This was one of several flaws in Sanders’ legislative proposals. He also refused to eliminate for-profit health facilities, which have higher costs and worse outcomes in general. And Sanders refused to introduce a Senate companion bill to HR 676, The Expanded and Improved Medicare for All Act. That legislation, sponsored in the House by Rep. John Conyers, D-Mich., is the gold standard for single-payer.
Some in the media have mistakenly described Clinton’s health program from the ’90s as a single-payer program. It was not single-payer, but rather a program that empowered the biggest insurance companies by essentially creating a few private insurance monopolies. It forced people to buy insurance or face very high penalties. Clinton’s plan was described in Progressive Review as creating “a medical oligopoly that would dispense health-care under the rules of the Fortune 500 rather than according to those of Hippocrates.”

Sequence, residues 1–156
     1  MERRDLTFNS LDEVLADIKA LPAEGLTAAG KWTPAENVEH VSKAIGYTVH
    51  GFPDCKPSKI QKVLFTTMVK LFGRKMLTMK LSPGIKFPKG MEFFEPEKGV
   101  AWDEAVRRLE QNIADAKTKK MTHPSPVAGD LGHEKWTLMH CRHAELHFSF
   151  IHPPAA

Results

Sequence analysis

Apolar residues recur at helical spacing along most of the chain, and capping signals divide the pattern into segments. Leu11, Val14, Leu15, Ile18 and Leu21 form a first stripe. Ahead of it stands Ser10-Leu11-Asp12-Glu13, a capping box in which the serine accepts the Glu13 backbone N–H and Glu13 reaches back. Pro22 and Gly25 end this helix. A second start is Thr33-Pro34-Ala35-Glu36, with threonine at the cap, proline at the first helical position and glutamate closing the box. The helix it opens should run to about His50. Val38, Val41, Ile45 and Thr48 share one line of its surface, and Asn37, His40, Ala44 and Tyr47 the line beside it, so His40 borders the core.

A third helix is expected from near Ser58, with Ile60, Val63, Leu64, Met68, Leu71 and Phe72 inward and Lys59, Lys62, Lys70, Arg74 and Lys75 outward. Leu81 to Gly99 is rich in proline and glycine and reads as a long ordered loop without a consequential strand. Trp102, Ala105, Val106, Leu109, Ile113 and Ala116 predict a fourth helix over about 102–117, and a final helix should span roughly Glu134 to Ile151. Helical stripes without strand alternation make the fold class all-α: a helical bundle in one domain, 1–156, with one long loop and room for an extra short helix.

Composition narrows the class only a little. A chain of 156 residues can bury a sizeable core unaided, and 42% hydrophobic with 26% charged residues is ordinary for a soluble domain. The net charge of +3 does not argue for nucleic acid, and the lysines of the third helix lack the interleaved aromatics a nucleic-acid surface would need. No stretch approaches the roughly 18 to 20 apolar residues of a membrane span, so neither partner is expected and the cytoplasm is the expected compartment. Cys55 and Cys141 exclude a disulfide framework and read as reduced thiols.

The Clinton plan included maximum fines: $5,000 for refusing to join the government-mandated health plan; $5,000 for failing to pay premiums on time; 15 years in jail for doctors who received “anything of value” in exchange for helping patients short-circuit the bureaucracy; $10,000 a day for faulty physician paperwork; $50,000 for unauthorized patient treatment; and $100,000 a day for drug companies that messed up federal filings. Her plan was friendlier to Wall Street than the ACA and less friendly to patients.
Sanders’ New Plan
On Sunday, just two hours before the final Democratic debate before the Iowa caucus, Sanders released a new plan. It made two excellent improvements on his previous legislative proposals.
First, he writes that he would create “a federally administered single-payer health care program.” This is a major improvement over the complexity, cost and inconsistency of having 50 state administrators—it will save money and provide equal coverage for all. Second, he expanded the coverage of his plan so that all medically necessary services would be covered.